Magecart hackers operate in many different ways, and unfortunately, they keep adding new methods to their repertoire. Below, we’ll have a closer look at five of the most common types of attacks:

“Ant & Cockroach” Skimming

This is one of the most prevalent types of Magecart attacks. It usually targets URLs linked to a website’s checkout page and uses the “Radix” obfuscation technique to hide the malicious code. The name comes from the fact that the words “ant” and “cockroach” were sprinkled throughout the malicious skimming code used in the first attacks of this kind.

Compromising the Supply-chain

Supply chain compromises are a typical Magecart trait. This kind of attack is usually done by injecting skimming code as third-party code on websites. Often, the hackers will use credential theft, RDP attacks, or SQL injection to gain access to the third-party’s servers and insert the malicious code. This code is designed in a way that evades detection, allowing the hacker to steal customer data from website visitors.

Skimming Through CDN and IFrames

Magecart skimmers often take advantage of content delivery networks and the associated JavaScript files to hide their payload. For example, the hackers may use a domain that closely resembles a legitimate product, then redirect visitors to it, and implement their malicious JavaScript there.

This way, the attackers can collect customer data like credit card information at the checkout. Skimmers have also been known to inject fake PayPal iframes on vulnerable websites, hijacking and compromising the payment process to steal sensitive credit card information. A report from RiskIQ in 2020 identified a new Magecart group that they named ‘MakeFrame’ based on its ability to make iframes for skimming payment data.

Hiding Skimming Scripts in Image Files and Favicons

This type of skimming attack is relatively new and was first detected on the WooCommerce WordPress plug-in in 2020. Hackers would use the metadata of image files to hide their malware and steal the credit card information entered by online customers. The metadata of an image file contains several fields of information, such as date, time, resolution, and the hackers would, for example, use the copyright field to hide their code.

Another way of hiding the malware is to insert it into websites through PHP-based shells disguised as favicons. Hackers do this by replacing the shortcut tags in the code to reference the malicious image file instead. This shell can then skim credit card information from domains.

Attacking Outdated Ecommerce Software

In 2020, over 2,800 websites running Magento’s old-version software were attacked by skimmers. These attacks are known as Cardbleed, and together, they were one of the biggest attacks ever carried out by the Magecart group. The hackers connected with (the outdated version of) the Magento admin panel and executed malware. That malware was then deleted, but only after having compromised an important JavaScript file.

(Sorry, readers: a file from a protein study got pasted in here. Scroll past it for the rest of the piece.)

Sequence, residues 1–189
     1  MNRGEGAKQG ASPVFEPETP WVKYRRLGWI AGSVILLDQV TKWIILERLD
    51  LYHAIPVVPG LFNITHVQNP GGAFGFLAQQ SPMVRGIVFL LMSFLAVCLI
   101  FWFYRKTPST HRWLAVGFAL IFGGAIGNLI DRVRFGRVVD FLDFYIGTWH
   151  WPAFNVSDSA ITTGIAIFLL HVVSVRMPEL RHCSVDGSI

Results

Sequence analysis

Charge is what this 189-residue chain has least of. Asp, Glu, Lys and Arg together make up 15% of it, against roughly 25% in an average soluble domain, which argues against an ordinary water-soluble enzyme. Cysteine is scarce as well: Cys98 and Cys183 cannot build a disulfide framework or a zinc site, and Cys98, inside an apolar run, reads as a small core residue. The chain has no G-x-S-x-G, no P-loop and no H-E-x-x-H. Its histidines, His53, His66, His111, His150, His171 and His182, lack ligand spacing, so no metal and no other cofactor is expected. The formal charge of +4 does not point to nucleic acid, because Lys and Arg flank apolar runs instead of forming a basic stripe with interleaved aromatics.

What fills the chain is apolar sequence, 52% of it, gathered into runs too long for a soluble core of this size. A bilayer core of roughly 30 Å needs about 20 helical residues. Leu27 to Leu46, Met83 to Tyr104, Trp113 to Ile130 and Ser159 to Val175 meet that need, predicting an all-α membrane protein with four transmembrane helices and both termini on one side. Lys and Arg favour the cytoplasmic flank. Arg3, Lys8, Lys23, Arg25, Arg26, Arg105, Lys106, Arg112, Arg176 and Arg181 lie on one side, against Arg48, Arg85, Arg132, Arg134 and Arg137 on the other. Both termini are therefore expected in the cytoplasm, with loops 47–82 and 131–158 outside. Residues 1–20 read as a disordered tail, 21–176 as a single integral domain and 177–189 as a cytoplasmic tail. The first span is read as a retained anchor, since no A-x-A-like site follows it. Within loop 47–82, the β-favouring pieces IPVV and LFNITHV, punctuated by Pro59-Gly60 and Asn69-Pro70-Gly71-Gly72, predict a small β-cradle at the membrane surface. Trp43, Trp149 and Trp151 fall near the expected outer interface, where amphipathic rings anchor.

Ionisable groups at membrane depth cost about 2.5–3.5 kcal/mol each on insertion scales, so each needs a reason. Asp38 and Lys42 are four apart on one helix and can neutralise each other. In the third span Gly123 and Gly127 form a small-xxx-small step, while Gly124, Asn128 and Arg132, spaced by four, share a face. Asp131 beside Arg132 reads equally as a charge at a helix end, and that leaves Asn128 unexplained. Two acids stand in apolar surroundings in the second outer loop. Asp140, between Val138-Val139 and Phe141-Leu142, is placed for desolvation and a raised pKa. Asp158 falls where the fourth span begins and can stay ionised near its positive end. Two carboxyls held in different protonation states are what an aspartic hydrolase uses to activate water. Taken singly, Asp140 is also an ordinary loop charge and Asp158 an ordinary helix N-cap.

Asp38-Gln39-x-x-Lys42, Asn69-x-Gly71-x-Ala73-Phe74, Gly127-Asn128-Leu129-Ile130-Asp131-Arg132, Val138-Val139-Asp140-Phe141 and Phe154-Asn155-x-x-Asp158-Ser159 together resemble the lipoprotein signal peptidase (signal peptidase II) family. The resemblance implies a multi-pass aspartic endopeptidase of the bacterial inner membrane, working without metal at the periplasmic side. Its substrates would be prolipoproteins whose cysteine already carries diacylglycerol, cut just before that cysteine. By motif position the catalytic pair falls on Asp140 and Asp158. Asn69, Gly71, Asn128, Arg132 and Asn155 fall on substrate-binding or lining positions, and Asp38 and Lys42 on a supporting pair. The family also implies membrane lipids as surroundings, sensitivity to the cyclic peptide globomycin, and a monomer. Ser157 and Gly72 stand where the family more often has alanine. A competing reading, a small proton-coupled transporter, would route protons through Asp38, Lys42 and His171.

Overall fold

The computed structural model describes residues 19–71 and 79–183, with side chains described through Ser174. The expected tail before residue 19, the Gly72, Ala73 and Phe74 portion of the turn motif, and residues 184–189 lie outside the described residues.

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Hacker Attacks Cause Serious Damage

Being subjected to a Magecart attack can have devastating consequences both for brands and for their customers. Data breaches undermine trust, can lead to substantial losses, and also result in huge fines. Let’s have a closer look at some of the different ways cyber-attacks can harm businesses:

  • Damage to your brand: When people learn that credit card information and personal details have been compromised via your brand, they become hesitant to use your site. And as we saw in the NutriBullet example, one skimming attack followed after another, so it’s not irrational for customers to be on the fence. The often recurring nature of Magecart attacks will have customers leaving your site as soon as your brand is mentioned in the same sentence as ‘Magecart.’
  • Operational disruption: A data breach will affect your daily operations until a solution is found, which can lead to delayed deliveries, payments, and a damaged customer experience.
  • Financial loss: Losing customer trust will inevitably impact your bottom line. Whether it’s due to decreased footfall on your site or because you’re unable to transact while an incident is investigated, Magecart attacks can cause severe financial damage to your business.
  • Regulatory issues and fines: it’s not just loss of customers and sales that can cost you dearly as the result of an attack. As we saw in the case of British Airways, the regulatory and legal ramifications of data breaches can entail enormous fines.

Processes are Key in Ecommerce Security

The first line of defense against Magecart (or any other cyber-attack) is your people, your organization, and your processes. In our earlier article, we walked through some of the steps your business needs to take to keep security top of mind to mitigate the risks. Human error causes a majority of security breaches, which, on the bright side, means they’re preventable.

Here are some of the ways you can strengthen your protection to prevent attacks:

  • Foster a culture of cybersecurity. Encourage and incentivize employees to follow good security practices from their first day on the job.